*Diitre/fhs, (Thuc. 7.29), probably distinct from the Diotrephes of Thuc. 8.64, was entrusted, B. C. 413, with the charge of carrying home the Thracian mercenaries who arrived at Athens too late to sail for Syracuse with Demosthenes, and were, to save expense, at once dismissed.
He made on the way descents upon Boeotia at Tanagra, and at Mycalessus, the latter of which places he surprised, and gave up to the savage butchery of his barbarians. Boeotian forces came up with them, however, in their retreat to the ships, and cut down a considerable number. Diitrephes himself not improbably fell. Pausanias (1.23. §§ 2, 3) saw a statue of him at Athens, representing him as pierced with arrows; and an inscription containing his name, which was doubtless cut on the basement of this statue, has been recently discovered at Athens, and is given on p. 890a. This Diitrephes is probably the same as the Diitrephes mentioned by Aristophanes (Aristoph. Birds 798, 1440), satirized in one pl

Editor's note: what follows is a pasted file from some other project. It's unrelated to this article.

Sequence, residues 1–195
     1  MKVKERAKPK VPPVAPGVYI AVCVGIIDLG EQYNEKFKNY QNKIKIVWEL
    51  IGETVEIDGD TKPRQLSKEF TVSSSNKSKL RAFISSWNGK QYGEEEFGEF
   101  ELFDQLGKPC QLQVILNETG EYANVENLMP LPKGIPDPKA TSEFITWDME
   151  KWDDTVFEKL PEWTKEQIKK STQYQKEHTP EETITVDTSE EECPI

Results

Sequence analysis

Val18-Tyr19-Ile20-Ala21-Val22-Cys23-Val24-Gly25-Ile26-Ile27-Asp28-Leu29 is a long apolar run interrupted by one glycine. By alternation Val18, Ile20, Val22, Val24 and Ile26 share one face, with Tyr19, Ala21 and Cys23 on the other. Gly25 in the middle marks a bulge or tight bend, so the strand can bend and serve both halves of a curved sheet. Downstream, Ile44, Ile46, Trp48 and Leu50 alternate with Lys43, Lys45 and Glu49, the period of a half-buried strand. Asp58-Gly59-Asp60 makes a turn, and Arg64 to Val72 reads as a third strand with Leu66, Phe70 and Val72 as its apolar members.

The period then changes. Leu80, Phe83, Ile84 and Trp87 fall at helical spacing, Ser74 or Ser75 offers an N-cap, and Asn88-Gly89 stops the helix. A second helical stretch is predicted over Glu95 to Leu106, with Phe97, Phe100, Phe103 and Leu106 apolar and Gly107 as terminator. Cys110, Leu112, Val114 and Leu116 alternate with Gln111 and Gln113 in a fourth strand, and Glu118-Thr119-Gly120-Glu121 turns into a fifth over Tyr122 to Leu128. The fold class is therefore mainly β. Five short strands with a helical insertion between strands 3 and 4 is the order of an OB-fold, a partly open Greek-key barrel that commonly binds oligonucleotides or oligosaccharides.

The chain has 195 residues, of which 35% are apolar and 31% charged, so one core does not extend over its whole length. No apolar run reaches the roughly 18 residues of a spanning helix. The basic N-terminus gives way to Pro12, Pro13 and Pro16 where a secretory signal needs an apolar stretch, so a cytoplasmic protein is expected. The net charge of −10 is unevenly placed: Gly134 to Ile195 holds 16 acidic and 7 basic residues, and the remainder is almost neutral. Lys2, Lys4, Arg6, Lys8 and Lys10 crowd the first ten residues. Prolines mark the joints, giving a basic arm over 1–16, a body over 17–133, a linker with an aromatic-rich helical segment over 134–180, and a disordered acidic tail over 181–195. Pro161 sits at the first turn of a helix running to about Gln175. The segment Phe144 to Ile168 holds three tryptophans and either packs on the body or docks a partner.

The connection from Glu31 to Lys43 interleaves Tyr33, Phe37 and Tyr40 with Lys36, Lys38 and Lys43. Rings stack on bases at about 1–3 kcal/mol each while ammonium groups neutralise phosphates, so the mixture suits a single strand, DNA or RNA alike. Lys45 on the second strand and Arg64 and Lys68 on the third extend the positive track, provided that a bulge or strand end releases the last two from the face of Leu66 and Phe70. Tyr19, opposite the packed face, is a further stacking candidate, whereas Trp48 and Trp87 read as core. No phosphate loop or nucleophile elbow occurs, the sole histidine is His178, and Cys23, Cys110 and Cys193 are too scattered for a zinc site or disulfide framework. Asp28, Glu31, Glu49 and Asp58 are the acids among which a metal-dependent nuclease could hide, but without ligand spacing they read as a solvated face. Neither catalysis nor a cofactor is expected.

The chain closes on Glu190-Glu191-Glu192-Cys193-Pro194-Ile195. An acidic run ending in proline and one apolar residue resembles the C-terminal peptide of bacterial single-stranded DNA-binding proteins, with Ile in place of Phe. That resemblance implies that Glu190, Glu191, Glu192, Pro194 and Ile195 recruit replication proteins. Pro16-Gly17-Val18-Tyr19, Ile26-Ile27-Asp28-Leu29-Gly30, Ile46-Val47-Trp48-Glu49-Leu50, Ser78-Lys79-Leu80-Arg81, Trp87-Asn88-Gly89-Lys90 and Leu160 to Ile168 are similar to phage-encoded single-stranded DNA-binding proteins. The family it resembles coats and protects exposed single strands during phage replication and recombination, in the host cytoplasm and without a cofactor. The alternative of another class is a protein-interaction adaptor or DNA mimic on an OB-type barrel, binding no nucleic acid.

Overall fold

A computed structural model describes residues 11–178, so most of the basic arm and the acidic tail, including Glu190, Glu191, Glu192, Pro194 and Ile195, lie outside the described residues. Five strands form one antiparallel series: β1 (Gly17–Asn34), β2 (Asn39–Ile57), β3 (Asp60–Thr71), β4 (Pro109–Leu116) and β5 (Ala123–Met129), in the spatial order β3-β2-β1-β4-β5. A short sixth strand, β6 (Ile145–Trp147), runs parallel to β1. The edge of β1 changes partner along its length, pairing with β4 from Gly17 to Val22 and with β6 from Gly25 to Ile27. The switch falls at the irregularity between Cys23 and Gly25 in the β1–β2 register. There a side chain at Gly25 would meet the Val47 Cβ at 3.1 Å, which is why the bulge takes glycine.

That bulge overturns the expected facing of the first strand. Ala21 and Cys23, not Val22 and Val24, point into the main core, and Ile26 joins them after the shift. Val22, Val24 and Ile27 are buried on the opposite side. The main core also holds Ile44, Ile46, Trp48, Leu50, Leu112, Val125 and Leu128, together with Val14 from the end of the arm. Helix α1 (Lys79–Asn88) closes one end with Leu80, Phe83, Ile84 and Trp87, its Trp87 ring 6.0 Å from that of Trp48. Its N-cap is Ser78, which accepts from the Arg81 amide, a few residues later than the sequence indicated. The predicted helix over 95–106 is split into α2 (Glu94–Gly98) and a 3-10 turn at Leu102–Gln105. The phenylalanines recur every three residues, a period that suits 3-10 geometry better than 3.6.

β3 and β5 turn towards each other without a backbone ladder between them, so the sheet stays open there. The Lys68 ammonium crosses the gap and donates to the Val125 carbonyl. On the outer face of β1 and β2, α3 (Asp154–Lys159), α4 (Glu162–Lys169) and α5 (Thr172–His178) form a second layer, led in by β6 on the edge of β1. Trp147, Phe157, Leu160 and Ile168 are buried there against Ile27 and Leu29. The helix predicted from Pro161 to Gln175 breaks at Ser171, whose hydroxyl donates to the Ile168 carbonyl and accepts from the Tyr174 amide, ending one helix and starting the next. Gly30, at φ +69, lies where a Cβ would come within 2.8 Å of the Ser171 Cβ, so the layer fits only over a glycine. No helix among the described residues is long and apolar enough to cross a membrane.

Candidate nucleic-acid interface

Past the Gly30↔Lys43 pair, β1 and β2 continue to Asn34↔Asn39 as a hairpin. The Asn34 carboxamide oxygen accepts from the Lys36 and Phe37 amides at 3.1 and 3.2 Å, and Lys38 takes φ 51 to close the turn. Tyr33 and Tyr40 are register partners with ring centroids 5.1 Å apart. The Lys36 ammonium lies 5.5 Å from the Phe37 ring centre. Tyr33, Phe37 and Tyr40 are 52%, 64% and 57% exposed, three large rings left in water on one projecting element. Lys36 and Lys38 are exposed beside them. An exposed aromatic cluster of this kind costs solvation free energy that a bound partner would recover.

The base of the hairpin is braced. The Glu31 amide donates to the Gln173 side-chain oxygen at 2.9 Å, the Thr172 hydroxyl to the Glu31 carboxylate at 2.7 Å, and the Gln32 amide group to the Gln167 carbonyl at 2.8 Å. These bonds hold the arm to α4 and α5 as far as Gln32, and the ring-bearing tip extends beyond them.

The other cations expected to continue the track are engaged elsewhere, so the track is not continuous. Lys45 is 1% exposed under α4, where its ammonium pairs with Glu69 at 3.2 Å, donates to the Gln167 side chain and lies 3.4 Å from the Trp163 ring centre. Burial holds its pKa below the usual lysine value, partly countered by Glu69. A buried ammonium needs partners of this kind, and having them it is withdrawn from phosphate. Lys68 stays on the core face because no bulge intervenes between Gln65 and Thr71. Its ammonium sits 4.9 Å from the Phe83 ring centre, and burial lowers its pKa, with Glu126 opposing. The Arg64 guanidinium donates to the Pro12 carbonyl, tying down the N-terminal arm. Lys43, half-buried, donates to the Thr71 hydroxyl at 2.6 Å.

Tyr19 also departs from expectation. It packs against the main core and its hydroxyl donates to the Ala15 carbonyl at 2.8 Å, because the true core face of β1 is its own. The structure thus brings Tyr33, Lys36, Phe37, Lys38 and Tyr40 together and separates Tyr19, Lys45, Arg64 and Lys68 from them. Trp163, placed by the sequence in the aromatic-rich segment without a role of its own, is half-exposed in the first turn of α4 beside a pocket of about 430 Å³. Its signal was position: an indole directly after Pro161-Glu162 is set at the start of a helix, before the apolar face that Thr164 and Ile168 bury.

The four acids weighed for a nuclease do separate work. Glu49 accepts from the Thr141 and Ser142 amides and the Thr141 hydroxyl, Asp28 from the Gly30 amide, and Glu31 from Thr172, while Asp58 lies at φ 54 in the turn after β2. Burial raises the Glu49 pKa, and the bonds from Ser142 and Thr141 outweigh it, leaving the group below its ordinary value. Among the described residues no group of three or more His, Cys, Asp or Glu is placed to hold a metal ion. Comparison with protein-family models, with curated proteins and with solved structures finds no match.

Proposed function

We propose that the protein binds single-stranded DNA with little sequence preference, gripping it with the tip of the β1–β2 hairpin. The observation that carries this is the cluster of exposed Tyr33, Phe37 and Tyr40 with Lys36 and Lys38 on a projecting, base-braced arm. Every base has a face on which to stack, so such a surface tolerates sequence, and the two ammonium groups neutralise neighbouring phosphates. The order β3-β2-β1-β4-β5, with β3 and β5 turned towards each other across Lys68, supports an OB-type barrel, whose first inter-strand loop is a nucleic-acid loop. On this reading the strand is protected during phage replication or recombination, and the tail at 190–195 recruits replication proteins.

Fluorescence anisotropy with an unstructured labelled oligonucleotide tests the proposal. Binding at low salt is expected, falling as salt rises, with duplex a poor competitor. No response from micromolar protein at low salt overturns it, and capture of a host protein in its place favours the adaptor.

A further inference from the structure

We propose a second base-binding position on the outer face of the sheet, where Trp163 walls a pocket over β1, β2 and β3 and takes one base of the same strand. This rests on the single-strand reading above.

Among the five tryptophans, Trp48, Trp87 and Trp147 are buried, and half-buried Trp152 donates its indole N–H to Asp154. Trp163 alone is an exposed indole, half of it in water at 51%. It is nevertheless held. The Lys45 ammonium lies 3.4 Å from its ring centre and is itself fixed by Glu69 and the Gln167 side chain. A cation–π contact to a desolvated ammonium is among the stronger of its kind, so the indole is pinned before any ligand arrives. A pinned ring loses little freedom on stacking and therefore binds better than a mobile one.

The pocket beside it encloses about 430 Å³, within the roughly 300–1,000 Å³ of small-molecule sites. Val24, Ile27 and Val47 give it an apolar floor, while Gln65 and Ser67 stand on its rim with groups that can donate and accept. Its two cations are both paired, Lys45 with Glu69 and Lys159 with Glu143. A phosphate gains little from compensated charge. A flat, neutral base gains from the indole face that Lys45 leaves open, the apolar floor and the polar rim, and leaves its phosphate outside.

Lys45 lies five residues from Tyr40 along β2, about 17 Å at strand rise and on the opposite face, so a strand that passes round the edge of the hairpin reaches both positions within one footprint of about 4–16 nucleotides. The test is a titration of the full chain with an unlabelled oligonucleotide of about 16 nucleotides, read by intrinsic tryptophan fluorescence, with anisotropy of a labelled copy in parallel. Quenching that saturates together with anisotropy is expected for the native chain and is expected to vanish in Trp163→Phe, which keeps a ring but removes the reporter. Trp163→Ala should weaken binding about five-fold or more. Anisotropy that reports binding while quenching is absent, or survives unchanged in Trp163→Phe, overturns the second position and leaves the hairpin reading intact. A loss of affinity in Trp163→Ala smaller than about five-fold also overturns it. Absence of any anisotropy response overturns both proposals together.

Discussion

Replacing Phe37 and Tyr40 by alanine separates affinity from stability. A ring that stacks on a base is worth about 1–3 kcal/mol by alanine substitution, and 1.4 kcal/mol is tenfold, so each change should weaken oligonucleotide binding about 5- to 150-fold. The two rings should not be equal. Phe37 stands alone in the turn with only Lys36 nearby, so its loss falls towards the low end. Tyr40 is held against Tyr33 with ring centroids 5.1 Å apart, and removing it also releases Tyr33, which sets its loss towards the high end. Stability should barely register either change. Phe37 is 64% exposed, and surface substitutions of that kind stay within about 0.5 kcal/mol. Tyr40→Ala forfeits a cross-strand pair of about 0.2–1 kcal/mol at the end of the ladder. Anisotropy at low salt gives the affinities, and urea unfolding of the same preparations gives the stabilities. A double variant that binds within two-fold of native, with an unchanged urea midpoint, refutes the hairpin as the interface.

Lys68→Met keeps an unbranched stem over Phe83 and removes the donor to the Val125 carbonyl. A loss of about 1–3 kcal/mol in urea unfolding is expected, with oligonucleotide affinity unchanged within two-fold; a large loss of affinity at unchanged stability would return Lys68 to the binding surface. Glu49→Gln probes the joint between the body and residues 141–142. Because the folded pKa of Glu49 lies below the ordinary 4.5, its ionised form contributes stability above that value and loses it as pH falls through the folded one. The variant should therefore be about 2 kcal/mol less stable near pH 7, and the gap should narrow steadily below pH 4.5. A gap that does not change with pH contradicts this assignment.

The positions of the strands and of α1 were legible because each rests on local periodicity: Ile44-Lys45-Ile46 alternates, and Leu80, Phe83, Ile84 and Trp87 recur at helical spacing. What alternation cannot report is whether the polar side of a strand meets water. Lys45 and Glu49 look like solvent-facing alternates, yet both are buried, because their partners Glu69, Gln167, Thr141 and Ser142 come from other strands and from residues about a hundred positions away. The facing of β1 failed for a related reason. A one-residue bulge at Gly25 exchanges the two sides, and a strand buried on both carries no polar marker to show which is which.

Müller refers it, by conjecture, to, B. C. 421.
Supplices. This also he refers, by conjecture, to about the same period.
Ion, of uncertain date.
Hercules Furens, of uncertain date.
Andromache, referred by Müller, on conjecture, to the 90th Olympiad. (B. C. 420-417.)
Troades. B. C. 415.
Electra, assigned by Müller, on conjecture and from internal evidence, to the period of the Sicilian expedition. (B. C. 415-413.)
Helena. B. C. 412, in the same year with the lost play of the Andromeda. (Schol. ad Arist. Thesm. 1012.)
Iphigeneia at Tauri.
Iphigeneia at Tauri. Date uncertain.
Orestes. B. C. 408.
Phoenissae. The exact date is not known; but the play was one of the last exhibited at Athens by its author. (Schol. ad Arist. Ran. 53.)
Bacchae. This play was apparently written for representation in Macedonia, and therefore at a very late period of the